Like many States, New Jersey has underfunded its State employees pension. Hmmm. Christie struck a deal with the legislature which involved changes to future obligations in exchange for Governors promise to make specific yearly contributions. This year when the bill came due, Christie reneged on his promise and short changed the State pension payment. Hmmm.

Christie is not alone in his Iran nuclear arms deal opposition. Being for a better deal is the popular view of most GOP Congressional members. And that was Christie’s problem. How could he campaign on “me too”?

It just seems a bit short sighted on Christie’s part. New Jersey residents have no problem confusing “Honest Abe Lincoln” with their Chris Christie. My guess is soon so will the entire country and they will see most of the GOP Presidential hopefuls in the same light.

14 Candidates, 14 Blueprints?

July 1, 2015

There are 14 announced Republican candidates for the 2016 Presidential nomination. Most likely there will be 16 and that is leaving out Mitt Romney. What could each of these candidates be thinking will be their blueprint for success?

Mike Huckabee, Rick Perry, and Rick Santorum ran last time and might have some idea about how they would alter their previous losing “god is my friend” campaign strategies without abandoning their former supporters.  Good luck.

For the rest, will they follow Mitt Romney’s broad drive hard to the right during the primaries and then veer back to the center for the national election… and do it with a straight face as if no one has been following the primary campaign?

Donald Trump sort of ran last time but he has already demonstrated he has no clue on how to run for President so we must assume he is running for some new TV show.

Ted Cruz and Rand Paul are not serious about running for 2016. While they put on a game face,the upcoming months will be a turn up for 2020 and 2024. Their current views are so unique that they cannot even hope for a 2016 VP nod.

Ben Carson, George Pataki, and Carli Fiorina will mount serious, issue based candidacies but low national name recognition coupled with low funding will essential eliminate their chances.

John Kasich and Lindsay Graham are competent candidates who are eying a deadlocked convention. A Bush, Walker, Rubio deadlock would open the convention to who else. John Kasich is less well known than Graham but comes from a State with more electoral votes. A deadlock, of course, opens the gates wide for Mitt to reappear. Hmmm.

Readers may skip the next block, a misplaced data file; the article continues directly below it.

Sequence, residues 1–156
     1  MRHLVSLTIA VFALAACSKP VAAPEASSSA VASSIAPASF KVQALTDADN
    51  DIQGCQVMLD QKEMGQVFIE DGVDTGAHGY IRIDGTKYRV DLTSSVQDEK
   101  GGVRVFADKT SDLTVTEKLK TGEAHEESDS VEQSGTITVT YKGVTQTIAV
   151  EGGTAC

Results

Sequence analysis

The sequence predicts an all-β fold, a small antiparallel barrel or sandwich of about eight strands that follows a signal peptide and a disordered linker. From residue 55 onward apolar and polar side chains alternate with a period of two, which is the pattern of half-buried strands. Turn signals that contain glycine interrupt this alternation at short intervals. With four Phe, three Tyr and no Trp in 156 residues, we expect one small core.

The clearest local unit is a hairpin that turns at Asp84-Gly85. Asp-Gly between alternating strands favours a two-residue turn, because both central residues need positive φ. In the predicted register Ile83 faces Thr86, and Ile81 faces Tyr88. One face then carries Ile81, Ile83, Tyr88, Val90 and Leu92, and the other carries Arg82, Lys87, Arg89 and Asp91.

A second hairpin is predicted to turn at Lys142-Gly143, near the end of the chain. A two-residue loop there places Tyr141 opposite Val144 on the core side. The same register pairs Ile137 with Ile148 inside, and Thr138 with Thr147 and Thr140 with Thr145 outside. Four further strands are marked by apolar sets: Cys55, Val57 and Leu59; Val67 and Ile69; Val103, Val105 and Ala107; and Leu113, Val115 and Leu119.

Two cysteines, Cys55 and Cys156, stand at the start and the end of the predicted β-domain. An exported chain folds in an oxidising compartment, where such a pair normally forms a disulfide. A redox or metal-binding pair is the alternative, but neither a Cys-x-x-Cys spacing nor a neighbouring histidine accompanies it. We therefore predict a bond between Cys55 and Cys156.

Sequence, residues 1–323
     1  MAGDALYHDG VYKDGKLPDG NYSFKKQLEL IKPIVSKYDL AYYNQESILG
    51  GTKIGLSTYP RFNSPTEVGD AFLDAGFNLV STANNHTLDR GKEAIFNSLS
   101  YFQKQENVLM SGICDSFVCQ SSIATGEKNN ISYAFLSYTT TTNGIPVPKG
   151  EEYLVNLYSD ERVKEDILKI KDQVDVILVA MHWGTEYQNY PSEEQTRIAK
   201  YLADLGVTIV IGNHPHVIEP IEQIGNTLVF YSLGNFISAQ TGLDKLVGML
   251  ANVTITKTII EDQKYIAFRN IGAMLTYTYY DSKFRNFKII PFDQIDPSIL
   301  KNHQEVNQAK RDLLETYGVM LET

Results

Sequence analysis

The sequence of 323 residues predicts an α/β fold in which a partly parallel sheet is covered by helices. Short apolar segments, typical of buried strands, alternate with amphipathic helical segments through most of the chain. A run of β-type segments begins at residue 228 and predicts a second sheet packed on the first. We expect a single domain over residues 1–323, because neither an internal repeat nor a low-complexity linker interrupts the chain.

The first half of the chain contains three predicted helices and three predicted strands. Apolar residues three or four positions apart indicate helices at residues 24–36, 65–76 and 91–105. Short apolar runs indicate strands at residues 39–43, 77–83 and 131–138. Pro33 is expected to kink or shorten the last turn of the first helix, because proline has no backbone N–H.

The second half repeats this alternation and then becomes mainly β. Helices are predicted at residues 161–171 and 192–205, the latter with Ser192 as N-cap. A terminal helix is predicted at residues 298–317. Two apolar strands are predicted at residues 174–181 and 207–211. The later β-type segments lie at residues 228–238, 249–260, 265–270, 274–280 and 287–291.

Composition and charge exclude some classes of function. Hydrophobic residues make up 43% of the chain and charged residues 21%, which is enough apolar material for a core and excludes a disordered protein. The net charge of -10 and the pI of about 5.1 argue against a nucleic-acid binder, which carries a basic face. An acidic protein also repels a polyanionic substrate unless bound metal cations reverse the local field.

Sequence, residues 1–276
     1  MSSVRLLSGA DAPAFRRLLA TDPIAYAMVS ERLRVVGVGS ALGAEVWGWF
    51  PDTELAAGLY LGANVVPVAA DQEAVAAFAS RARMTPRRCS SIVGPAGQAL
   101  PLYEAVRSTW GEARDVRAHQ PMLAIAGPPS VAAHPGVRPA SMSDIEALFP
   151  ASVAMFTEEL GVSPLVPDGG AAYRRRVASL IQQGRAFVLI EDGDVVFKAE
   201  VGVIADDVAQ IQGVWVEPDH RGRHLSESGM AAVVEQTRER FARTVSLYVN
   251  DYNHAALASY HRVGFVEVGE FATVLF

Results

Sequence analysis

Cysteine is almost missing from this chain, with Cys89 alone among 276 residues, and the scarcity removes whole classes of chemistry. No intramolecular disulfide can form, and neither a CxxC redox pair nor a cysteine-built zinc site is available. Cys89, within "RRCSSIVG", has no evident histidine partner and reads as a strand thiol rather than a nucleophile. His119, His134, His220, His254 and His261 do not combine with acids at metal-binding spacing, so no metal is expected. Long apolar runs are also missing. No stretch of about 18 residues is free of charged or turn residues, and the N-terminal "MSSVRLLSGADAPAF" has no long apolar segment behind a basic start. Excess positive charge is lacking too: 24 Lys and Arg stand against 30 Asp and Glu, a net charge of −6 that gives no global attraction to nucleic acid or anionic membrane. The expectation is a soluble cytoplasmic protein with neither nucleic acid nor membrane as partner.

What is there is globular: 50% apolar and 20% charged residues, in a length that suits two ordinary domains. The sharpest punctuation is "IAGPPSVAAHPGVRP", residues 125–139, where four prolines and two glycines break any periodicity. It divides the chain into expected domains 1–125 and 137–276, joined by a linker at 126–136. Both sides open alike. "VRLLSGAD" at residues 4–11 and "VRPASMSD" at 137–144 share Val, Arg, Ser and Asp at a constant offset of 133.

Bush, Walker, and Rubio must figure out how to separate themselves from each other? How will these candidates try to gain the nomination without also putting a large hole in their national race hopes? Bush seems to be betting on his “Presidential” look and feel, strong, steady, unflappable. Rubio sees his best chance on looks and generational difference. Rubio, however, must win Florida and some other big State to make GOP leaders think Bush cannot win in November. Walker has remained relatively quiet up to this point. He looks like he will be the Bible thumping, tough on unions candidate, something Bush and Rubio will have a hard time matching.

Bobby Jindal and Chris Christie entered the race this week. Both have lack luster records in their home States (Louisiana and New Jersey) and both were considered hot commodities several years ago but have seen their national images fade recently. Both must be hoping for an improbable win in an early primary and then somehow lasting until there is a deadlocked convention. Hmmm.

Jindal is speaking out for religious rights and against the GLBT community. Good luck with that approach.

Christie has called himself the “say it as it is”, “tough talk” candidate. He has no foreign policy experience but is sure President Obama is wrong in his policies. Christie is also a “no new taxes” and even better, “a tax reform based upon tax cuts” candidate. While Christie is formidable talker, there is no way he can hide these positions from tax cuts for the rich and attacks on entitlements. It is a blueprint but not one that is likely to build a winning house.

Get It?

April 15, 2015

Yesterday, New Jersey Governor Chris Christie opened his unofficial run for the GOP Presidential nomination with speeches in New Hampshire. It is well accepted that Governor Christie needed to do something especially noteworthy to gain the public’s attention. And he did.

Most everyone recognizes that Medicare, Medicaid, and the overall Federal Budget are spending more than they are receiving in tax revenues. Social Security while technically solvent is projected to produce a huge deficit in the years ahead. Christie chose to speak about these entitlement programs and proposed some steps to reign in their future costs. Was that bold? Was that wise?